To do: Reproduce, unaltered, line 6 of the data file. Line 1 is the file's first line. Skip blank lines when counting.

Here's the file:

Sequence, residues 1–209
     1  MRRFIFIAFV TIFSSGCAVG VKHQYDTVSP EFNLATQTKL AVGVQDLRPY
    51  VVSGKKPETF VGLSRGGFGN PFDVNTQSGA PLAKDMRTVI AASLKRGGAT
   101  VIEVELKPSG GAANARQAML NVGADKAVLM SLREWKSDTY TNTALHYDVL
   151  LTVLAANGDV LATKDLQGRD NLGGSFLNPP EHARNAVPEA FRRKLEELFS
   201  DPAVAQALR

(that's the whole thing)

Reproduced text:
   201  DPAVAQALR